The above mentioned KB article gives a lot of hints what to take care of. I think it is very helpful.

    Best regards,

    Christian

     

    Wednesday, November 22, 2006 7:31 PM
  • Hi Christian,

    Thanks for the mail. My service is running in LocalSystem and not under user account. I think that's the reason why print is failing in my scenario.

    As my service is part of a client application, I cannot have it as a user account, because there is no way for me to get the user password while silent installation of the service.

    Any workaround in this regard will be of great help.

    Thanks and regards,

    Mridu

    Thursday, November 23, 2006 10:59 AM
  • Hi Mridu,

    I don't think there is a workaround besides using a user account with a profile. Did that work in earlier Windows Versions with no user account?

    The only thing you can do is to set up a user account during installation, or use a domain user account, which you set during installation. Using a domain user account would also allow to configure the user centrally.

    Next thing would be to set up a printing server as we have it and print everything centrally, where setup is easier.

    Last idea / question is why do you use a service when you trigger printing from a client application anyway, so you could also start printing in the client context and maybe set Word to not show up, so the printing is not visible to the user. If that is the main aim.

    But I think this discussion should get an own thread.

    Regards,

    Christian

    Thursday, November 23, 2006 2:54 PM
  • Hi Christian,

     

    my intention is to carry out

     

         ShellExecute( NULL, "print", "AnyDoc.doc", NULL, NULL, 0 );

     

    under Windows Vista. As mentioned before within this thread, Session 0 isolation in Windows Vista blocks opening AnyDoc.doc in MS Word, while - as Mridu has already pointed out - Notepad works fine with ShellExecute, so I tried your workaround using

     

        OpenWindowStation

        SetProcessWindowStation

        OpenDesktop

        SetThreadDesktop

     

    like this:

     

        hWinStaUser = OpenWindowStation("WinSta0", FALSE, MAXIMUM_ALLOWED);

        SetProcessWindowStation( hWinStaUser );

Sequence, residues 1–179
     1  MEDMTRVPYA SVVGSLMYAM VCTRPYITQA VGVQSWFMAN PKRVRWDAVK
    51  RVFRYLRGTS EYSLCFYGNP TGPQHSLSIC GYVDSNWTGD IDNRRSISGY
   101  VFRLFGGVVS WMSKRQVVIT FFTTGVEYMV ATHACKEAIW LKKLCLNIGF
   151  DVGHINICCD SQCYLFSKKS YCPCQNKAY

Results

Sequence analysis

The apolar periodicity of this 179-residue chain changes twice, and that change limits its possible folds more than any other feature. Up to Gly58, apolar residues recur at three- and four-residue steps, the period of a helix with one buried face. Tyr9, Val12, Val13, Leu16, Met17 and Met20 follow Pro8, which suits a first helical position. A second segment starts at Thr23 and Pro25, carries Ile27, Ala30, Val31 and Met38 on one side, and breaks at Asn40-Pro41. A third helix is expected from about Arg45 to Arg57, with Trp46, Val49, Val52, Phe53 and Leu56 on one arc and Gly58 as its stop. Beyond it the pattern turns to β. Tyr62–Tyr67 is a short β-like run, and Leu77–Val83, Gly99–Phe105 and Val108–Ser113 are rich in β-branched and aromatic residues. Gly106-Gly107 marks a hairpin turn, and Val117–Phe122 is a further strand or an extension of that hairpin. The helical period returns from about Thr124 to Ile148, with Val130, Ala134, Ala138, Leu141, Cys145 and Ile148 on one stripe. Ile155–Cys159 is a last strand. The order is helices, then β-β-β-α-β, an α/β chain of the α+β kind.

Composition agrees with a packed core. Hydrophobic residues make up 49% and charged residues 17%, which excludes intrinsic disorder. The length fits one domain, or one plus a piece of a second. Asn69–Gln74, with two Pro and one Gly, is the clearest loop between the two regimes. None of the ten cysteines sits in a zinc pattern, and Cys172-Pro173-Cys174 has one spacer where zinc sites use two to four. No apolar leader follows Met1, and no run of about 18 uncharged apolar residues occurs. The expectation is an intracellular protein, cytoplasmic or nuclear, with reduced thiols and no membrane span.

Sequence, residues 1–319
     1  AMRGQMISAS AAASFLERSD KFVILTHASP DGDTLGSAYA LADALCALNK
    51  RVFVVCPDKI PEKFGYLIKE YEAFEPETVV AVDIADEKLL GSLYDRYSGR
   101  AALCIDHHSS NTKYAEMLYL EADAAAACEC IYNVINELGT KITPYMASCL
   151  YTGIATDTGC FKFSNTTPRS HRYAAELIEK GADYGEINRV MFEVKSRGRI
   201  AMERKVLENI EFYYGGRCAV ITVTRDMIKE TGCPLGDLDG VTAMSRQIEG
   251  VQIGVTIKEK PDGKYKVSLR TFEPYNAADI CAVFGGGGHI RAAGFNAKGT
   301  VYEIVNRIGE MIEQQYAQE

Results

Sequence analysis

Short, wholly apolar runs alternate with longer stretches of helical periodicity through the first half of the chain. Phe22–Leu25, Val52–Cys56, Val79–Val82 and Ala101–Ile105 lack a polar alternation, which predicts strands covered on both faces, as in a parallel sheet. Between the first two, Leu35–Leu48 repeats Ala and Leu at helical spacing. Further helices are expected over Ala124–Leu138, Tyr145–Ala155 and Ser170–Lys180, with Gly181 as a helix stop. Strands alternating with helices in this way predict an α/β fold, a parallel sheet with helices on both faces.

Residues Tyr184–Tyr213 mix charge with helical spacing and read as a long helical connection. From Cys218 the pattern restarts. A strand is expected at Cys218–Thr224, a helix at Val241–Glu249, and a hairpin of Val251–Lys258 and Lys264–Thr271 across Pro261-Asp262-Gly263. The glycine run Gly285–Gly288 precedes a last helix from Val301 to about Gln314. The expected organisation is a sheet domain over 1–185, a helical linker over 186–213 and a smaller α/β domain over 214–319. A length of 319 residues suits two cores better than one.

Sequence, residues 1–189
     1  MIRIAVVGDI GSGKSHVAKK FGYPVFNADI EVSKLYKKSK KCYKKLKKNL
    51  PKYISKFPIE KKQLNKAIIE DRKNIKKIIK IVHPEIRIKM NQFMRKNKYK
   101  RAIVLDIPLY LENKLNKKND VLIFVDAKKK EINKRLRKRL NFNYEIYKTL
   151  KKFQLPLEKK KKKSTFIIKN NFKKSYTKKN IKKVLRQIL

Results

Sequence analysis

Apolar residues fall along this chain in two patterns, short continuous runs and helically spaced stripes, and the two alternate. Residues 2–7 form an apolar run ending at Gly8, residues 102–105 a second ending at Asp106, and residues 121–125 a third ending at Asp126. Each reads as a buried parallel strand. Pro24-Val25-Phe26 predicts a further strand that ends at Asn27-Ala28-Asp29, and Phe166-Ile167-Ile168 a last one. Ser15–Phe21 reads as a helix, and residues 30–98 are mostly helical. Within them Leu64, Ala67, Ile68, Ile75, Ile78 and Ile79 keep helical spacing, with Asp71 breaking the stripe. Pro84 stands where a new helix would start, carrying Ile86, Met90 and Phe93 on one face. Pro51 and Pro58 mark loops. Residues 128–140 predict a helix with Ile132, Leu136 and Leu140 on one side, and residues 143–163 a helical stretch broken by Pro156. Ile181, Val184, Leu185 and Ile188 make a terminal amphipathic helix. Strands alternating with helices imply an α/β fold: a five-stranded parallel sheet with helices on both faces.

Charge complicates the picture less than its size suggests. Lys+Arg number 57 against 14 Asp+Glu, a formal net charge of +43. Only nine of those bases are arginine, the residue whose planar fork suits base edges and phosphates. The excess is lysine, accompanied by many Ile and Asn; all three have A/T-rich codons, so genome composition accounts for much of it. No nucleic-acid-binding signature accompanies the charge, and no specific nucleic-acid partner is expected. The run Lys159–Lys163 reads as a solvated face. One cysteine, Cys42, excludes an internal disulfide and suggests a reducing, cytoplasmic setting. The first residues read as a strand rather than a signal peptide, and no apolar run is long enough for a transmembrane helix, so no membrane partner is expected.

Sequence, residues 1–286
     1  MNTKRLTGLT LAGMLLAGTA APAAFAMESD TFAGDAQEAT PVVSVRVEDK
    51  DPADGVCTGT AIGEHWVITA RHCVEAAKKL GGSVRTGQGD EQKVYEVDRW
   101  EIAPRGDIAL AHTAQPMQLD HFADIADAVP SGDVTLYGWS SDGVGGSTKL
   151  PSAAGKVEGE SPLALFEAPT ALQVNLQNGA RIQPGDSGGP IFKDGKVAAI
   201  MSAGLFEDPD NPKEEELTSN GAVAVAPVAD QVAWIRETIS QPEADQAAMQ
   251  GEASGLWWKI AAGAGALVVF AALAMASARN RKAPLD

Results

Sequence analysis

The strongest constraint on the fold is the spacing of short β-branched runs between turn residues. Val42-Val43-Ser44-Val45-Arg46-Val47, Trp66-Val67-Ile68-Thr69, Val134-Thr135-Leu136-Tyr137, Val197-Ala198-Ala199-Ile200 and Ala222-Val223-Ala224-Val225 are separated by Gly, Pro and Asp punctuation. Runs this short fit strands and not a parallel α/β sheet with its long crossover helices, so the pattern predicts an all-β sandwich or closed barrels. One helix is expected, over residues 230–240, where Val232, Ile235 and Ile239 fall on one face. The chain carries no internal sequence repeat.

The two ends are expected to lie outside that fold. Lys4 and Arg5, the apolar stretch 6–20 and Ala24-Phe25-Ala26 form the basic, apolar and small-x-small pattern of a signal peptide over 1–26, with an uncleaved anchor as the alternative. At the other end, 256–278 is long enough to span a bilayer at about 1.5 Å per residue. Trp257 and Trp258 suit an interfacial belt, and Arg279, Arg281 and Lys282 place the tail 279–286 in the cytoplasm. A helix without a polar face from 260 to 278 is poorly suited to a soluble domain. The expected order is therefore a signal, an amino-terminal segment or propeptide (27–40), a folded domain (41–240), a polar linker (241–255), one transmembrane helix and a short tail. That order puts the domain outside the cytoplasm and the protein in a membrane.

hDeskUser = OpenDesktop("Default", 0, FALSE, MAXIMUM_ALLOWED);

        SetThreadDesktop( hDeskUser );

        ShellExecute( NULL, "print", "AnyDoc.doc", NULL, NULL, 0 );

     

    but it didn't change anything, because I was just assigning to the very combination of Window Station and Desktop to which my process would have been assigned anyway by default. At least that is how I tend to interpret this result - my knowledge and understanding of Window Stations and Desktops is rather poor.

     

    So I tried to assign to a combination of Window Station and Desktop other than WinSta0 / Default, like this:

     

        hWinStaUser = CreateWindowStation( "LupoWinStation",  0, MAXIMUM_ALLOWED, NULL );
          SetProcessWindowStation( hWinStaUser );

        hDeskUser = CreateDesktop( "LupoDesktop", NULL, NULL, 0, MAXIMUM_ALLOWED, NULL );

        SetThreadDesktop( hDeskUser );

        if ( ShellExecute( NULL, "print", "AnyDoc.doc", NULL, NULL, 0 ) <= (HINSTANCE)32 )
          {
             dwLastError = GetLastError();
             printf( "ShellExecute error: %d", dwLastError );
          }

     

    MS Word opens, but without any document, and ShellExecute and GetLastError both return ERROR_FILE_NOT_FOUND, which means AnyDoc.doc from the viewpoint of the new Window Station / Desktop is out of sight... 

     

    Any idea how to solve this? Did I call the right API functions, but with wrong parameters ? Or is ShellExecute finally really dead under Windows Vista ? 

     Thanks a lot in advance,

    Lupo

     

    Thursday, May 24, 2007 7:43 PM
  •  

    Hi Lupo,

     

    basically I used Open....

    and I set the Inheritance Flag to true. I guess this is the main difference, as only by that the Desktop Handle can be passed to Word as Child process.

     

    Code Snippet

    hWinStaUser = OpenWindowStation("WinSta0", TRUE, MAXIMUM_ALLOWED);

    SetProcessWindowStation( hWinStaUser );

    hDeskUser = OpenDesktop("Default", 0, TRUE, MAXIMUM_ALLOWED);

    SetThreadDesktop( hDeskUser );

     

     

    Just give it a try.

     

    Of course you need to start your Service with a user assigned, otherwise Word settings and pritners are missing.

     

    Hope it helps.

    Christian

     

    Friday, May 25, 2007 1:03 PM
  • Try Aspose.Words for .NET to avoid automation in this case.

     

     

     

    Saturday, December 6, 2008 3:46 AM
  • we faced similar kind of issues and found some workarounds ...

    1. Issue in opening word document (from DCOM component, in windows 2008 64 bit machines)
    create folder called "Desktop" under "C:\Windows\SysWOW64\config\systemprofile" or "C:\Windows\System32\config\systemprofile" as mentioned in http://social.msdn.microsoft.com/Forums/en/innovateonoffice/thread/b81a3c4e-62db-488b-af06-44421818ef91

     2. Issue in printing
    configure word to run as "Interactive user"

    Steps to configure word to run as “Interactive User”
    1. open registry editor (regedit)
    2. Search for winword.exe, copy the AppId/Guid for word from “HKEY_CLASSES_ROOT\AppID\WINWORD.EXE”
    3. Open Compent Services (dcomcnfg), Go to Computers->MyComputer->DCOM Cnfg
    4. Select the application with the guid copied from registry.
    5. Right click on it, select properties, select Identity tab, select “Interactive User”, click on “Apply” button.

     

     

    • Proposed as answer by solversa Wednesday, November 24, 2010 2:07 AM
    Monday, October 18, 2010 12:38 PM